The grace and peace of the Lord be with you by the mercy of God and the victory of Christ.

Leisure to write would not have weighed as an argument to persuade me, any more than good advice, unless it had seemed right to deplore in a few words the unhappy lot of this excellent brother, which some friends of undoubted faith and credit have represented to me by letter. For whether you bear with me in my grief and sympathy, or whether I further him in his suit, I could not refrain from writing. The disposition and manners of the man I had known while he lived with us in France. He so conducted himself as to be beloved among the men of our profession, if any one was. Esteemed as such among men who were endowed with some degree of authority, and so as to be neither a shame nor a disgrace to them. At length, when he could no longer bow the neck to that voluntary bondage which even yet we bear, he departed to take up his residence with you, having no prospect of return. But, as the matter stands, it fell out, contrary to his expectation, like the shifting scene of a play, and he could find no settled abode whither he might betake himself. Thither, also, as I hear, he had hastened on account of his straitened means and household matters, that he might have the benefit of the assistance of friends whom himself had formerly assisted, until better times should come. Now, observe how far more powerful is calumny than truth. Some inconsiderate person, I know not who, among your people, whom I certainly do not presume to suspect of malevolence, had so prepossessed the ears of every one with his invectives, that they were shut to all explanation.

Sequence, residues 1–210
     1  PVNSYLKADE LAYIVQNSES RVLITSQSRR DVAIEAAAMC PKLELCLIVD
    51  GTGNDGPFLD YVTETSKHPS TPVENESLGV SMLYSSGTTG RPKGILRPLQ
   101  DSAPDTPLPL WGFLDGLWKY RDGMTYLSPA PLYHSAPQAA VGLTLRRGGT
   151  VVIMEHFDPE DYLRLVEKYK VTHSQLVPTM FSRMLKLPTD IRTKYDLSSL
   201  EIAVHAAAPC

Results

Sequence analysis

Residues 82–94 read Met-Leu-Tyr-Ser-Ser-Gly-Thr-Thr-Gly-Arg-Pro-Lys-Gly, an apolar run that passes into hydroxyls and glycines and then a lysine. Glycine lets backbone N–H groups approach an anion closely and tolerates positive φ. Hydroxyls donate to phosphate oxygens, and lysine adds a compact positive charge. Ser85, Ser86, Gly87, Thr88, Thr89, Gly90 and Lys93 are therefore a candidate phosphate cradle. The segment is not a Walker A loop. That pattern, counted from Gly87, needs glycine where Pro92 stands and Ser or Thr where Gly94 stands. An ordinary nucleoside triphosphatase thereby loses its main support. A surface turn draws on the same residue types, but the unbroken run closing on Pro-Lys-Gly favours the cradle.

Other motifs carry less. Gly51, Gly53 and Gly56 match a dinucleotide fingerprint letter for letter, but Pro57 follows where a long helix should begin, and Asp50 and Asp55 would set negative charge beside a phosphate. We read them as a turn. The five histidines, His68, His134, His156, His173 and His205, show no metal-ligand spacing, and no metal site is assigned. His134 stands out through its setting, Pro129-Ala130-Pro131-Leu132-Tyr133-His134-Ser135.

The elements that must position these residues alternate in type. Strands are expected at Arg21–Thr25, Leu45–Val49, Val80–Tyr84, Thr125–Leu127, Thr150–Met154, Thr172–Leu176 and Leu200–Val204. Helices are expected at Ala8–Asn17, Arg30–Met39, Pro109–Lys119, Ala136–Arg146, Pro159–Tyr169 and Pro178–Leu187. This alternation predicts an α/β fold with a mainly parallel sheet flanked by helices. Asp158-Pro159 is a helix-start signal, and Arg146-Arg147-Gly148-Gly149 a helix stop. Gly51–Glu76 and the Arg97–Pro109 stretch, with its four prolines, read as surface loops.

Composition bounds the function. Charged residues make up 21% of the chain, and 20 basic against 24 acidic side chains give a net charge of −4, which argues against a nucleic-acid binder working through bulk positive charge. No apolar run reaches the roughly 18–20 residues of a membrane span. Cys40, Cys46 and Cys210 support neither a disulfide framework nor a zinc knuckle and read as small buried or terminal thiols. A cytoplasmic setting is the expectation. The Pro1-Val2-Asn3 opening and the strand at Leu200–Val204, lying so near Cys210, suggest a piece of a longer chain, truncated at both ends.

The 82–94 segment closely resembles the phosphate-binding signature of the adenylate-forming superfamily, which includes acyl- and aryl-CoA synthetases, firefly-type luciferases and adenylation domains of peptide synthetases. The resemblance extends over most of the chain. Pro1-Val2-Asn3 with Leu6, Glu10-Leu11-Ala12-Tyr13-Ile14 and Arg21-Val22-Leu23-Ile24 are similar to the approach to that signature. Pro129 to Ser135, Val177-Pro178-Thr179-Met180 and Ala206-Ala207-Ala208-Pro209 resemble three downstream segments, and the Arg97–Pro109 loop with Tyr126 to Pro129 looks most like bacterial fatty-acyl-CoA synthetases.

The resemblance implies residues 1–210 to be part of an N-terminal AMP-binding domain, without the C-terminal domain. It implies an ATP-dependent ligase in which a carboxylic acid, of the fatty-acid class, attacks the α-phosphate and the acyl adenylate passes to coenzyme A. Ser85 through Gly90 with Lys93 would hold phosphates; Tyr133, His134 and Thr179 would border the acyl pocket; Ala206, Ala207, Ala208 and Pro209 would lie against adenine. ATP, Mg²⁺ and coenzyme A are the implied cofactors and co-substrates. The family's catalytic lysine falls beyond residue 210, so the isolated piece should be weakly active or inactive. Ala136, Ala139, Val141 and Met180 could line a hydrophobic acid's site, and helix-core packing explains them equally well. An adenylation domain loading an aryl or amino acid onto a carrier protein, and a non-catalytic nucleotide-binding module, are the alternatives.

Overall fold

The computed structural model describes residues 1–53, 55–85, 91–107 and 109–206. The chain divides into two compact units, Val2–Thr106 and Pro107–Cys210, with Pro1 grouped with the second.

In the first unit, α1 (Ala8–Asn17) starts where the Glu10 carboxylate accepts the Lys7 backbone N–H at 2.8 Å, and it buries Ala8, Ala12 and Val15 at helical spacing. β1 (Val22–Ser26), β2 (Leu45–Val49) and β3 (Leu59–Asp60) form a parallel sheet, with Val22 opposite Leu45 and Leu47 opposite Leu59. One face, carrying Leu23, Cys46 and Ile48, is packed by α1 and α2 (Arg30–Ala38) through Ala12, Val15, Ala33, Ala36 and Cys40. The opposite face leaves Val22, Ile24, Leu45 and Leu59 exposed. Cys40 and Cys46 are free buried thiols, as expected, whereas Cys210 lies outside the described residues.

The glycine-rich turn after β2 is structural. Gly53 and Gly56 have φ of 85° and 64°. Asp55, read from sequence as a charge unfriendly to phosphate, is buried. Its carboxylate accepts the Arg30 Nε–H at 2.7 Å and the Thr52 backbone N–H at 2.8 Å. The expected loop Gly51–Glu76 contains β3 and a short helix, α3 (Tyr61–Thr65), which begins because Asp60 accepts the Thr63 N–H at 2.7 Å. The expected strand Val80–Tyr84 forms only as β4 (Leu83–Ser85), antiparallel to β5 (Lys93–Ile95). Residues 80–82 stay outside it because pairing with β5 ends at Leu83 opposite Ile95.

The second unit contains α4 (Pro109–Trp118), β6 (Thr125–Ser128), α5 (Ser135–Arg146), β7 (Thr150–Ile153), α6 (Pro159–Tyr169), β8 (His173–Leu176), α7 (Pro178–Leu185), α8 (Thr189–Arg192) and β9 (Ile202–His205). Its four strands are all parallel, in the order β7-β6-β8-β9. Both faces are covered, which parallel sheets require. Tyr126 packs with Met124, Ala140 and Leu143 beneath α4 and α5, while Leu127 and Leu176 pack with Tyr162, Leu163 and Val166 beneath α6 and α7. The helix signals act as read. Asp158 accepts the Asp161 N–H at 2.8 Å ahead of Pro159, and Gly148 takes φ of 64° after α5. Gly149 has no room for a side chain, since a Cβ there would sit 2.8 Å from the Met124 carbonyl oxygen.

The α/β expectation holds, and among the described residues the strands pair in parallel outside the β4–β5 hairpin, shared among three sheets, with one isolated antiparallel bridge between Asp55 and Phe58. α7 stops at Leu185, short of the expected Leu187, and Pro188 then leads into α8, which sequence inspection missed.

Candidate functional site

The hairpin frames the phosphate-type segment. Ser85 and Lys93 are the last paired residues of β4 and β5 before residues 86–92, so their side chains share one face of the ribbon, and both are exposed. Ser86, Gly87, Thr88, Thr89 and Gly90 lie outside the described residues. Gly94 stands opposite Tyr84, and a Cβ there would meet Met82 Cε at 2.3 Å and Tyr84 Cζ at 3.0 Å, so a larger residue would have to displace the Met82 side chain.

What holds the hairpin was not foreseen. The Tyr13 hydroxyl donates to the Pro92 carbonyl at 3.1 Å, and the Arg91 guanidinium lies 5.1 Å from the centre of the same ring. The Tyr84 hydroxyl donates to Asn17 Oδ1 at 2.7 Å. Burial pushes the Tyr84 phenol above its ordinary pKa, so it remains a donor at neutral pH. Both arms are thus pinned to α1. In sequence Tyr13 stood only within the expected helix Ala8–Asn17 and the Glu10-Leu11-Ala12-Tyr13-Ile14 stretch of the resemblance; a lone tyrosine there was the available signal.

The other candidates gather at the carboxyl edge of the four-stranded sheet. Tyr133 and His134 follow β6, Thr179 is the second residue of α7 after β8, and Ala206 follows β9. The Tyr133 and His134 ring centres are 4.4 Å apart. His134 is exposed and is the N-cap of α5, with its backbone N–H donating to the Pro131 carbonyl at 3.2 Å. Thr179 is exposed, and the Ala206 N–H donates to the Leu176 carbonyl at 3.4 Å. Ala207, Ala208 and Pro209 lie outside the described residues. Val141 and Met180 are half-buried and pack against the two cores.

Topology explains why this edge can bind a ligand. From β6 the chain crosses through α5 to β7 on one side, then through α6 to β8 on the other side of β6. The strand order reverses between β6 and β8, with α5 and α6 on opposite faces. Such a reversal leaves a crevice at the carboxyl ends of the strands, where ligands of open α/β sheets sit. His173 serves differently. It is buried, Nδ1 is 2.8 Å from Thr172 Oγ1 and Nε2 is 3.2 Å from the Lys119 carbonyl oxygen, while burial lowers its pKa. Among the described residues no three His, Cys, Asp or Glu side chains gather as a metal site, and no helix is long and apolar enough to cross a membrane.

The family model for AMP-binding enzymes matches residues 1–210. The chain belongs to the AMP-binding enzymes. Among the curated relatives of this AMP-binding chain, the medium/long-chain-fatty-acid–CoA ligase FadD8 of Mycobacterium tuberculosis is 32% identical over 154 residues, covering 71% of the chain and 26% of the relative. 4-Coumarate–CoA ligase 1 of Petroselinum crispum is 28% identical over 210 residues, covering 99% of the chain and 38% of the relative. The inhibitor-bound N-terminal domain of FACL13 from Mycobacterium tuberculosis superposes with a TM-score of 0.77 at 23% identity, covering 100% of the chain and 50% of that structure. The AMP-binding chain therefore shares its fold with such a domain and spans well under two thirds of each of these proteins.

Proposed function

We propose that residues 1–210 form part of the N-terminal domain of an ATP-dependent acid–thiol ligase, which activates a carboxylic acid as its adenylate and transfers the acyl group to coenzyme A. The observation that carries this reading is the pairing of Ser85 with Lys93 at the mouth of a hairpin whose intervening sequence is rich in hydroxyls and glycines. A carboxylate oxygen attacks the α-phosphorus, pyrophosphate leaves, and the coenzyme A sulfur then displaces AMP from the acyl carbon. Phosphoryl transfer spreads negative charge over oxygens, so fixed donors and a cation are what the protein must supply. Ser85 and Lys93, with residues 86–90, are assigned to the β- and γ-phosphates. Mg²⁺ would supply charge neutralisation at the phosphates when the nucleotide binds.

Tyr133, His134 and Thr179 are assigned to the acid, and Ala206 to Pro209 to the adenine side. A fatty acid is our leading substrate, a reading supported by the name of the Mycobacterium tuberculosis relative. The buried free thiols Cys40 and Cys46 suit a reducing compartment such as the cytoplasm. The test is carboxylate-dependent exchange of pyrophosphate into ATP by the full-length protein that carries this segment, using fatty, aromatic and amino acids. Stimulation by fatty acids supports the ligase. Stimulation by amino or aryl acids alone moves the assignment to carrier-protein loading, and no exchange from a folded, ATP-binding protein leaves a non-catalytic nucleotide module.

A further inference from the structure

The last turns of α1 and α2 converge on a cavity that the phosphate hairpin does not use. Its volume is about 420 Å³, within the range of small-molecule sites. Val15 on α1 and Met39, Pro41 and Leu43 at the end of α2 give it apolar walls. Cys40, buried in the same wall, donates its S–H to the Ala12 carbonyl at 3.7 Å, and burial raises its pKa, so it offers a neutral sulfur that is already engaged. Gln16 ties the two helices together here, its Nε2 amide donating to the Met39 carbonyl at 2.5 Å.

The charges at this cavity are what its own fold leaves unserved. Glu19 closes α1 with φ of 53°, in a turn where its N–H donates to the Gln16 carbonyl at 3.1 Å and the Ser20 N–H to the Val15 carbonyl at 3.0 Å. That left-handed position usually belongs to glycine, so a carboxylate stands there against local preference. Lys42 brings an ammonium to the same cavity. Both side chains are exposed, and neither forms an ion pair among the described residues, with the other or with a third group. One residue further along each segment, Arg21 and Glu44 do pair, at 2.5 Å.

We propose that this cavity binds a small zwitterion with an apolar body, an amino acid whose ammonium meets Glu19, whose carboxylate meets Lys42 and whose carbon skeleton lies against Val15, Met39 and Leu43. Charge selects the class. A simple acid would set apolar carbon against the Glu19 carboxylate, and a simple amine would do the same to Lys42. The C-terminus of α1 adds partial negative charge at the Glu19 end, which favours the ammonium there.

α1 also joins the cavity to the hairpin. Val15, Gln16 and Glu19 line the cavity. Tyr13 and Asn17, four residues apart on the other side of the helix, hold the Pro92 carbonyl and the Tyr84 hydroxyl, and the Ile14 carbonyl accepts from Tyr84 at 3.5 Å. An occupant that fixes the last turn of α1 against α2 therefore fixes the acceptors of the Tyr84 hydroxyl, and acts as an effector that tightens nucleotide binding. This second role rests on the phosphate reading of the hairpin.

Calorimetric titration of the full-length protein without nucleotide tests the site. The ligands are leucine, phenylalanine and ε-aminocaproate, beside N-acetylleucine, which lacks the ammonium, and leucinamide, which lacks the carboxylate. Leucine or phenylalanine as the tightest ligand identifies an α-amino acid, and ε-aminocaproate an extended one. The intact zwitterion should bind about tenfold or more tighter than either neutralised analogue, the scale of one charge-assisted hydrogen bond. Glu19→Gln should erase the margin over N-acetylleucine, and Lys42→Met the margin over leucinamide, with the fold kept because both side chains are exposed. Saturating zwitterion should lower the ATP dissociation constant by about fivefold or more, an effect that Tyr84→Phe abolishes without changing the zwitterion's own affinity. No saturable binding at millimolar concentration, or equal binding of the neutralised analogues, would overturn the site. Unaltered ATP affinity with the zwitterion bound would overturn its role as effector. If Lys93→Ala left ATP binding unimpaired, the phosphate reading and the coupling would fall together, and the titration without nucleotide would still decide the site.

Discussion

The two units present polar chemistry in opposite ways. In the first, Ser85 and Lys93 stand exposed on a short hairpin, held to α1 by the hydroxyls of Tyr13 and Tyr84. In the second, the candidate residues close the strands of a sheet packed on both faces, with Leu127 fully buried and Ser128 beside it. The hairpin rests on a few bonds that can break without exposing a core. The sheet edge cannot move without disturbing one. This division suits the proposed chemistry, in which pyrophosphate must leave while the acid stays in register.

There was, therefore, not a single person from whom he could extract a penny. Probably it was not intended by the person, whoever he was, who kindled the sparks of this tragedy, to destroy the character of a harmless individual. Nevertheless, however that may be, I can neither excuse him nor apologize to him, and do not hesitate to assert that he has been in error, to the great hardship and calamity of this individual. They cast upon him these reproaches, as is said, because he had fallen under suspicion of Anabaptism. Strange, indeed, unless the person was outrageously suspicious who spun out this conjecture from so slender evidence. In conversation I drew him intentionally to speak of this sacrament. He agreed in express terms so entirely with myself, that never have I met with any one who professed the truth upon this point more frankly. Meanwhile he suffers notwithstanding, nor does there appear any probability that these sinister rumours, which have already obtained a certain degree of credit, will soon be suppressed.

I intreat of you, Master Bucer, if my prayers—if my tears, are of any avail, that you would compassionate and help him in his wretchedness. The poor are left in a special manner to your care—you are the helper of the orphan. Suffer him not to be reduced to such necessity as to be driven to extremity. You can help him, if you choose, in some one way or other, but rather do so yourself, according to your own discretion. I could not, however, hold my hand from going even beyond the bounds of ordinary restraint in supporting the cause of this individual. These for the present.

—Most learned sir, farewell.

Thine from my heart,